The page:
Key feedstock for innovative algal oil is dextrose, found in the cornfields of Nebraska
There is a worldwide search under way for omega-3 fatty acids.
As essential nutrients that can help to lower blood pressure, reduce triglycerides and promote a heart health, the benefits of omega-3s to humans are well known. But fish need omega-3s too, and the aquaculture industry has become one of the largest consumers of omega-3 fish oil, accounting for 81 percent of all usage as of 2009, using it in feed to supplement the nutrients that farmed fish aren’t getting from marine algae and other natural sources.
But there is a problem. The fish oil used in aquaculture today needs to be high-quality EPA and DHA from fishmeal, which comes from wild-caught fish. And there are only so many fish available in the world’s oceans to meet demand for aquaculture, which stands to grow in the coming years. That bottleneck is a threat to the long-term growth potential of the industry.
So a gold rush is on, and producers are getting creative.
Case in point: Researchers from the University of Stirling recently discovered that omega-3 fatty acids are created by marine invertebrates like corals and mollusks, upending the long-held assumption that marine microbes like microalgae are responsible for most omega-3 production. This finding alone stands to dramatically increase access to the nutrients, as these sources can eventually be tapped for commercial production.
Others are staying closer to home.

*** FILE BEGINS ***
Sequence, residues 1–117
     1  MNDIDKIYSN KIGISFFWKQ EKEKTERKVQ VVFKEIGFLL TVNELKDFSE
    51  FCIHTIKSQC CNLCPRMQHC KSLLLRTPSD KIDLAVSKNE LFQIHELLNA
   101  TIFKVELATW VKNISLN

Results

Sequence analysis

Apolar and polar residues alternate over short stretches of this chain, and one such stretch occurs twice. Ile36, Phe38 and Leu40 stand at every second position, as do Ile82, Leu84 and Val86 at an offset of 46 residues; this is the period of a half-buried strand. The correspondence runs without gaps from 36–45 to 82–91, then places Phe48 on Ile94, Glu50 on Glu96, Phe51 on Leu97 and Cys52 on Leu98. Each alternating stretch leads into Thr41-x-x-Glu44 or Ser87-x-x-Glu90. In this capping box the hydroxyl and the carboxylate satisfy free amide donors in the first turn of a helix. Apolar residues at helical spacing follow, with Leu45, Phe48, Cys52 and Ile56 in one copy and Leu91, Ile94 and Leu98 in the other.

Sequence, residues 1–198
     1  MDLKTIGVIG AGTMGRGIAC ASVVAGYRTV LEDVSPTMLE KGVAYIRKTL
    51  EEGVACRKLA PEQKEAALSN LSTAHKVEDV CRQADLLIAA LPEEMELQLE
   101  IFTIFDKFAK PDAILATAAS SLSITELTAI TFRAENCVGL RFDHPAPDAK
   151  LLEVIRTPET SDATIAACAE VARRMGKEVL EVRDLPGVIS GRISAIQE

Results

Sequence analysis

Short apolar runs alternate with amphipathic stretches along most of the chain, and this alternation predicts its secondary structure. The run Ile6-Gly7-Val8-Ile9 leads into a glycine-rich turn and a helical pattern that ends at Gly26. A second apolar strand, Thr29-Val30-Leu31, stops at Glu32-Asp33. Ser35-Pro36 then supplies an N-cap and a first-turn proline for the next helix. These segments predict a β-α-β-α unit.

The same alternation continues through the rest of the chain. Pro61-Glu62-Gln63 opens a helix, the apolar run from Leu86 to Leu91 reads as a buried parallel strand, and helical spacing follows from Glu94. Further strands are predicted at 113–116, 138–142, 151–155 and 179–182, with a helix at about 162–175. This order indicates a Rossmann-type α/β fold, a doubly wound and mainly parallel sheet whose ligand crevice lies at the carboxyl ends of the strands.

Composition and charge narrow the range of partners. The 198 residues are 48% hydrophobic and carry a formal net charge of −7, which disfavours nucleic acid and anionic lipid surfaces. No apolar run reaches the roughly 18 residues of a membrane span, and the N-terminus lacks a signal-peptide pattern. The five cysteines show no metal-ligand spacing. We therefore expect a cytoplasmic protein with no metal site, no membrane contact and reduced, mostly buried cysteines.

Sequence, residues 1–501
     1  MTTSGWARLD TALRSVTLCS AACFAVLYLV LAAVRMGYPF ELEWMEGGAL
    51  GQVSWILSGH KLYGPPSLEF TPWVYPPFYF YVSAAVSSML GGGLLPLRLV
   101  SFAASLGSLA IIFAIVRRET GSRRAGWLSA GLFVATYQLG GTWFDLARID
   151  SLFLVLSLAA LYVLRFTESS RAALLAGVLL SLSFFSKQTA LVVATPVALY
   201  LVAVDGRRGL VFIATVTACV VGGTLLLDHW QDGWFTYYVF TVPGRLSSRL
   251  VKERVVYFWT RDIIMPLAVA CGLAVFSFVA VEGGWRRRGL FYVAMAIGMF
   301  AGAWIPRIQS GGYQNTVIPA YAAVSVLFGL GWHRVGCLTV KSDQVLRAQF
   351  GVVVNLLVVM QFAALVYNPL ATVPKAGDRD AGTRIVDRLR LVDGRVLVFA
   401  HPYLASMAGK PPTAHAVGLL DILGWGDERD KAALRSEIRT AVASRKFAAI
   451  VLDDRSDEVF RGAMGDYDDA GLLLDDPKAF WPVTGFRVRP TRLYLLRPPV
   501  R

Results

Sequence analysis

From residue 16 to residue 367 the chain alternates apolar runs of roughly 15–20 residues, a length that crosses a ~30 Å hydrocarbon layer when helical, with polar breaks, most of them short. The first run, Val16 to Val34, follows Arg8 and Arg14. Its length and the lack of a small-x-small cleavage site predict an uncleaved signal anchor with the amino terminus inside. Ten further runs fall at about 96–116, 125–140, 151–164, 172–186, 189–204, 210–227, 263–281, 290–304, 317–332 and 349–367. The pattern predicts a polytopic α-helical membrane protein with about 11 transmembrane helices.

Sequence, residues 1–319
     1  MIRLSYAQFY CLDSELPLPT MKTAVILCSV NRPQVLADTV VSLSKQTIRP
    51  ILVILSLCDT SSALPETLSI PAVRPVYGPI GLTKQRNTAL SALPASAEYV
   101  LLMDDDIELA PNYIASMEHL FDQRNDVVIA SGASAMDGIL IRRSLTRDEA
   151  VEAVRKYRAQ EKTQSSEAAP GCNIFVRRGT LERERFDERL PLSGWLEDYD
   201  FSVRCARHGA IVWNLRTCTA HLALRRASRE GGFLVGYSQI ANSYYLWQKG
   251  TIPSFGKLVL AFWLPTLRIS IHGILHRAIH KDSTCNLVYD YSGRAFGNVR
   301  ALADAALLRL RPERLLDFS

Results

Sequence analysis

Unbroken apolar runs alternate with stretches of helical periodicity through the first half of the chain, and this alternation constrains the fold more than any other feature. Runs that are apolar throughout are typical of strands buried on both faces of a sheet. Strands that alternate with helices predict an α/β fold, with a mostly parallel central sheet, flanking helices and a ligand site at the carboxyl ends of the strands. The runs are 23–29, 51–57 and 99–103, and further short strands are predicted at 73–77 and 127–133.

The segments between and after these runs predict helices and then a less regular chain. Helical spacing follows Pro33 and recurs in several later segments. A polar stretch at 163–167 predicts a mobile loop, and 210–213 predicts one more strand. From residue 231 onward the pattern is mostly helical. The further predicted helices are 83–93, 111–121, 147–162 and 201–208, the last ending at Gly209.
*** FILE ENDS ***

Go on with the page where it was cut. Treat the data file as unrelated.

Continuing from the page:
A startup called Veramaris is currently building a $200 million facility on the plains of Nebraska – yes, Nebraska – that, once completed and fully online by summer 2019, will be capable of producing as much as 15 percent of the total current annual demand for EPA and DHA for the salmon aquaculture industry.
The company, a joint venture of DSM and Evonik and headquartered in The Netherlands, has developed a new type of algal oil that can produce the omega-3s that farmed fish need without using wild-caught fish oil fish, instead drawing it directly from natural marine algae. Initial applications of the technology are in salmon aquaculture and pet food.
“In its current form I would say fish farming is unsustainable,” said Karim Kurmaly, CEO of Veramaris. “It requires the removal of millions of tons of fish stock from the world’s oceans, which is used to feed farmed fish, and if we continue with the growth of aquaculture and continue removing fish stocks from the sea it will lead to over-fishing, which in a sense will also destroy the biodiversity of our oceans.”
Currently, 16 million metric tons (MT) of wild fish are caught each year solely for use in fish oil and fishmeal. Veramaris’ new marine algal oil offers a way around this limitation, with an omega-3 oil that is rich enough for use in fish feed and can be produced at scale, without impacting wild fish stocks.
“This will have a huge positive impact on the global fish farming industry,” Kurmaly said, “because it allows for the continued growth of the aquaculture industry in an environmentally, socially and economically sustainable way. It can become independent of marine fish stocks and continue to grow farmed fish as a protein source in a truly sustainable manner, without necessarily depending on removing our fish stocks from the ocean.”
A growing need